If you’ve been convicted of a DUI, you may be facing more consequences than just a criminal record and legal fees. And some of these consequences could be particularly devastating. If you are currently in a child custody battle, for example, a DUI conviction could seriously—and negatively—impact the outcome of your case. However, there is no one-size-fits-all answer to the question of how a DUI will impact your custody case. As with most legal issues, the devil is in the details. Penalties and other consequences will depend on the unique circumstances surrounding your case.
The details of your arrest
If your child was in the car at the time of the incident and it’s your second DUI, to give one example, the arrest will likely have a serious impact on your custody case. Although penalties vary from state to state, most states will elevate such an egregious offense to a felony charge. On the other hand, if it’s your first DUI, you have no criminal record, and you are the primary caregiver, the damage may not be quite as severe. With skilled legal counsel, you may be able to get off with a misdemeanor charge and little to no jail time. Your custody case could still be on the line, however.
In a DUI case, there are simply no guarantees. Even first-time offenses can have serious repercussions when it comes to child custody. According to Beth Maultsby, an attorney with Dallas-based GoransonBain Ausley, the negative impact on a parent receiving a DUI in a child custody case will most likely be significant, if not devastating.
"Receiving a DUI will immediately raise concerns about the safety of the child in your possession and your ability to properly parent the child with not only the other parent but also with any mental health professionals involved and the Judge,” Maultsby says. “The degree of the negative impact will depend on many factors such as whether you have a history of substance abuse and/or whether a child was in your possession at the time of the DUI. To minimize the negative impact, it’s important to accept responsibility for your actions, obtain professional help and agree not to consume alcohol while in possession of your child.”
One thing is for certain: the court does not take kindly to parents who drive drunk with a child in the car, and such a situation can become especially complicated when a child custody case is involved. Case in point, New York’s “Leandra’s Law,” also known as the Child Passenger Protection Act, was signed into law in 2009. Leandra’s Law makes it a felony offense to drive under the influence with a passenger age 15 or younger. This is even true of first-time offenders.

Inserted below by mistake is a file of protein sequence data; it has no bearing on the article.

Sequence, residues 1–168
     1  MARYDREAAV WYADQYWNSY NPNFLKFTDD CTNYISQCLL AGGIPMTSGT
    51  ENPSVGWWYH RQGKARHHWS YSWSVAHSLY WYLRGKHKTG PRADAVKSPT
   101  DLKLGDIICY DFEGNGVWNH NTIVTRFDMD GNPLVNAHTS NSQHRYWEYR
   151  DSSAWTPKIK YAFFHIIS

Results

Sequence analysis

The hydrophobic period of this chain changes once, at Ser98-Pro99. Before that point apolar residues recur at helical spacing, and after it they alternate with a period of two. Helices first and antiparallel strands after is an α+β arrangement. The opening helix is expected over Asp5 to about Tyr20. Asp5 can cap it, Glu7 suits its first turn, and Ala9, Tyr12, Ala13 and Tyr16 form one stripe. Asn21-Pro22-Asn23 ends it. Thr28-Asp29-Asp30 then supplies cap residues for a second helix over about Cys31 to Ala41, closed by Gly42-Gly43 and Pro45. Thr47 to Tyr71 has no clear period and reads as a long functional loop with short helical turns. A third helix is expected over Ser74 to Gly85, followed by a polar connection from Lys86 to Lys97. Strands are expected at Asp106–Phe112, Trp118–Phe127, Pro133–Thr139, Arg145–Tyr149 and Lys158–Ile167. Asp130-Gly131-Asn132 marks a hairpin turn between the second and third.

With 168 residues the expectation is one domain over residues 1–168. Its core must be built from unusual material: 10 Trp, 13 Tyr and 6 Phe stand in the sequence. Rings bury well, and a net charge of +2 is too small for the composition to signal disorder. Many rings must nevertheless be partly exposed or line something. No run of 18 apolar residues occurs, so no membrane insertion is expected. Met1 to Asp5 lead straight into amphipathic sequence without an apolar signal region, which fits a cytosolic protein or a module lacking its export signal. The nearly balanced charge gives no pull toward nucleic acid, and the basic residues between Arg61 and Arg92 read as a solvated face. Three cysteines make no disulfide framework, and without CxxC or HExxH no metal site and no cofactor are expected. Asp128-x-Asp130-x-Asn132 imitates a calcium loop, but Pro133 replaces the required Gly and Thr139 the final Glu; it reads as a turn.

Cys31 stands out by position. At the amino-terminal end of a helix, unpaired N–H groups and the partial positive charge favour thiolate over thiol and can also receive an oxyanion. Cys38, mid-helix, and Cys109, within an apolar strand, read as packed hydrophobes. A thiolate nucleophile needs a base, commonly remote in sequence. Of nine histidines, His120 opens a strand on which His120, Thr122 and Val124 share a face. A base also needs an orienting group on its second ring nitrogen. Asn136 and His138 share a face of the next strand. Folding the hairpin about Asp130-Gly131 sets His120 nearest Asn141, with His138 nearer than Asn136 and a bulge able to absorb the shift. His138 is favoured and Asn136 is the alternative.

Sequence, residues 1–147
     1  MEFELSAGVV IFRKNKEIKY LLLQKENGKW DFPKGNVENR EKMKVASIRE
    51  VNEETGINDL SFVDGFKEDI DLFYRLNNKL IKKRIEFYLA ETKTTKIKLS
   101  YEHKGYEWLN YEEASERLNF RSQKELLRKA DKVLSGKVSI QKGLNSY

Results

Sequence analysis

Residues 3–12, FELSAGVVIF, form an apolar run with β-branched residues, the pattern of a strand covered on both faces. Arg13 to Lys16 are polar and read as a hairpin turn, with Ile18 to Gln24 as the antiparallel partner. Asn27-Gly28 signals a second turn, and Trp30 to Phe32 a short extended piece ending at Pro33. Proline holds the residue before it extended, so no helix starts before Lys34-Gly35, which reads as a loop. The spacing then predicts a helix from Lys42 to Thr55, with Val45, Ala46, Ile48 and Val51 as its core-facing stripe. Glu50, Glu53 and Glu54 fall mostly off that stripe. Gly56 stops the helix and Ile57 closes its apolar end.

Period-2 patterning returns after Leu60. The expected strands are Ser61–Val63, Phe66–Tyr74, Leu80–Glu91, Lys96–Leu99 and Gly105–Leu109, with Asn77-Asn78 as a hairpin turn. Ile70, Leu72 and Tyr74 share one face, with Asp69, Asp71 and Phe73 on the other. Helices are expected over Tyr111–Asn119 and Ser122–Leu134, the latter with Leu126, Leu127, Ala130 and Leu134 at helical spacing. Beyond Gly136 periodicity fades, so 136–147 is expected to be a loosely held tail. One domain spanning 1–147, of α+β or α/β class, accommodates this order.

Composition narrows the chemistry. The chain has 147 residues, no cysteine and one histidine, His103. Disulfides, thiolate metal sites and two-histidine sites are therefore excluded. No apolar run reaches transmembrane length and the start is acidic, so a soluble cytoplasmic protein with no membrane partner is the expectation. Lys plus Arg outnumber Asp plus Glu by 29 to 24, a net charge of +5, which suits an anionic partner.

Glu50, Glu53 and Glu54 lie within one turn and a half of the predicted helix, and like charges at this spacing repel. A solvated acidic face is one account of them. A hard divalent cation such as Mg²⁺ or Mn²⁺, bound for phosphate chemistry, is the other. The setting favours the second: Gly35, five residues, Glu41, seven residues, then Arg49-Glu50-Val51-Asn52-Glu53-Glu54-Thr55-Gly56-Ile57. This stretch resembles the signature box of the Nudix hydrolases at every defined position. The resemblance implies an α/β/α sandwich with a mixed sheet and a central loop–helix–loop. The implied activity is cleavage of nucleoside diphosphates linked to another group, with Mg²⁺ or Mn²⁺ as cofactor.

Having a felony conviction on your record is certain to have a negative impact on your custody case. According to the New York Division of Criminal Justice Services, “Parents, guardians, custodians and others who are legally responsible for a child, and are charged with a driving while intoxicated or impaired by drugs while that child is a passenger in the vehicle, are reported to the Statewide Central Register of Child Abuse and Maltreatment by the arresting agency.”
If you are charged with DUI during a child custody case, a court-appointed social worker may be assigned to analyze your daily routine and habits. The social worker may also conduct searches of your home and vehicle for evidence of alcohol and drugs and may even search your credit card statements and receipts looking for the purchase of alcohol. These visits may be announced or unannounced and may occur at your home or work or at your child’s school.
A potential substance abuse problem
In the eyes of the court, a DUI, past or present, may indicate a substance abuse problem, which can put the safety and well-being of children at risk. As such, any type of alcohol or drug-related arrest can be very damaging to a child custody case. This is true even if no child was present at the time of the arrest. At the very least, you will be subjected to random drug testing to ensure that substance abuse is not putting your children in harm’s way. Depending on the circumstances, you could even lose parental rights.
If you’ve been charged with DUI and you’re concerned about how it will impact your child custody case, an experienced DUI attorney can help. This is not a matter you should attempt to handle on your own.